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I think I agree that the best option would just be to let the balance sit there as a big fat surplus, and then conduct authorized spending as usual, rather than use it to make a large-scale immediate reserve injection by buying back debt. The balance is then just a long-term insurance policy against more debt ceiling shenanigans, and completely undercuts the deficit hawk argument. Deficit? Poof!!! What deficit?But while it's fine to analyze the purely economic effects, I think a lot of people have so far failed to come to grips with the political effects which, it seems to me, would be both (i) huge and (ii) unpredictable.What happens on the day when the US public realizes that the Treasury can unilaterally make its deficit disappear?
Dan,The budget deficit of the government is the difference between its expenditure and income. The coin is a way of financing the deficit. Coin issuance do not reduce the deficit directly but reduces the public sector borrowing.
If the Treasury does this once then it can do it all the time.See Michael's Sankowski's comment on JKH's post: “Instead of buying bonds, the Fed has bought the coin.”So, if the coin is finally sold, a taboo will have been broken. The Treasury affirms its right to sell coins that are purchased by the central bank. And then the government simply spends the proceeds of the coin sales, by crediting the private sector's bank accounts and thus adding reserves to the clearing system. If this is a valid procedure to break the present "cliff" surely it can be legitimized for all other instances of government deficit spending. Thus the historic moment may be approaching when neo-chartalist view of how governments finance their expenditures is vindicated. And the MMT/MR currents of thought may also be close to re-unification. Because, if the Treasury will spend by selling coins to the Fed there will be no further need for distinguishing between strategic/operational issuers/users of the currency; from that moment it's clear that the Treasury is in charge - right?
Ramanan The budget deficit of the government is the difference between its expenditure and income. The coin is a way of financing the deficit. Coin issuance do not reduce the deficit directly but reduces the public sector borrowing.Right, the funds have already been appropriated through the political process, and legal contracts made by the executive branch that entail making payment. It's not about new spending but spending already approved.TPC would also the Treasury to get reserves to settle when payments are made without having to issue tsys and therefore add to the cumulative debt, avoiding the debt ceiling.But nongovt NFA would increase just the same as payment is made by crediting nongovt bank accounts.This has to be made clear to people.
"The coin is a way of financing the deficit."The "coin" is simply another accounting abstraction that happens to have a physical representation in the real world.It's silly that we have such a superstition-based understanding of our monetary system that we have to resort to tricks to fool people and get anything done.But, whatever works. In that respect it's a good idea.
Jose, That's a good point. The coin breaks down the fed/Treasury structure we currently have in place, and pushes it closer to a central Treasury bank/MMT view.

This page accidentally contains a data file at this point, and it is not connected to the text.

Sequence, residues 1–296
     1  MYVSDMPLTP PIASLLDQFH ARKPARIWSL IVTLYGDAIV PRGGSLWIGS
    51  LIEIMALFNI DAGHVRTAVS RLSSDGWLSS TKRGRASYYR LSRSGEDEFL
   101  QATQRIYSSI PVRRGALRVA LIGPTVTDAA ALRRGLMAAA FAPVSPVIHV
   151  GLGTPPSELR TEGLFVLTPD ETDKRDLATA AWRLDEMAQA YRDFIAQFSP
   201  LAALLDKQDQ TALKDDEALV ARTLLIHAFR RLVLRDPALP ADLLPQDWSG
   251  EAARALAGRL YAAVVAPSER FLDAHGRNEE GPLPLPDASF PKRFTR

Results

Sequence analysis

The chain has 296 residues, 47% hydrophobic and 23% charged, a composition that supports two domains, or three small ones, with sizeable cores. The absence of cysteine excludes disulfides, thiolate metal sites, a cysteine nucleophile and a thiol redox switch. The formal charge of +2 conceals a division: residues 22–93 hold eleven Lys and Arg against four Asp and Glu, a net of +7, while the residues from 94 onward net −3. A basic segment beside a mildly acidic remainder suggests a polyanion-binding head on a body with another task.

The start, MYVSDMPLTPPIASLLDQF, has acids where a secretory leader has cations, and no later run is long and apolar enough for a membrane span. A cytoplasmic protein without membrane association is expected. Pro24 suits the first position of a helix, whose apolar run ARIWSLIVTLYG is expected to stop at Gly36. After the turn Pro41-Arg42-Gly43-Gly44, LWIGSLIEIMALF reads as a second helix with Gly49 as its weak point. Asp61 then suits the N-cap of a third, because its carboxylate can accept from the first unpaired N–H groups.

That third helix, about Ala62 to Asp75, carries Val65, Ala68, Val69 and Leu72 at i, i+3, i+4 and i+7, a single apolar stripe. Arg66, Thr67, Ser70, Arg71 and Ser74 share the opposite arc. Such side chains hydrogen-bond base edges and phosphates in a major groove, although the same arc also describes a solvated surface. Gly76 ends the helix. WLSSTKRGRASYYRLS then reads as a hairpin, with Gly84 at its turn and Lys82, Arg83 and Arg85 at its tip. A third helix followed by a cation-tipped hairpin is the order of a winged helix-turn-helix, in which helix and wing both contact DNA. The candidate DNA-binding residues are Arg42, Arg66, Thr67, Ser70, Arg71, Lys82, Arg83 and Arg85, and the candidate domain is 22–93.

That's a big reason Joe has been pushing so hard, I believe.
Ramanan, fair enough. I was thinking of the Treasury's account balance, not its spending flow. The bond sales are triggered when there is an account shortfall, and by creating a large positive balance in its own account, Treasury can finance a deficit without bond issuance. My only real point here is that I think it would be best for Treasury just to let that balance sit there as a bulwark against future debt ceiling shenanigans, and to carry out its existing debts payments and spending commitments as normal and on schedule, rather then buy back debt. A massive buyback of debt might be seen as a corrupt crony cash windfall for the FIRE sector. It might also raise inflation expectations.
Michael and others,I'm inclined to think that the platinum coin maneuver will only be used once, if at all, and is a one-shot deal. The only reason it exists is because Congress left a platinum loophole in its coinage legislation. My guess is that majority of members of Congress in both parties will regard the minting and depositing of a $1 trillion platinum coin as a sneaky, though legal, violation of the intent of Congress, and will then move to close the loophole. I also believe that, rightly or wrongly, they will regard the sheer spectacle of the platinum coin political theater as intensely damaging to the international credibility and gravitas of the US dollar system, which serves as the world's reserve currency.My preference would be that the Treasury simply flashes this option as a gun beneath its jacket, so to speak, to deter Congress from playing debt ceiling games, but then never has to actually exercise the option.
I think that the president knows that the GOP has handed him the gun with which to shoot them. The public is figuring out that they are being had and they are blaming the GOP for it, or so polling indicates. I don't think that this is lost on Obama. He knows that he can craft pretty much any deal he wants. And that is what I am concerned with.As far as the GOP using the debt ceiling as leverage to dole out funds piecemeal week by week or month by month as Norquist has suggested, GOP elected representatives should recall the story of the boy that cried wolf.
Dan,However I saw this post in which there is a bill to be introduced which treats it differently!New post from Beowulf:http://monetaryrealism.com/will-congress-accidentally-double-down-on-the-coin/
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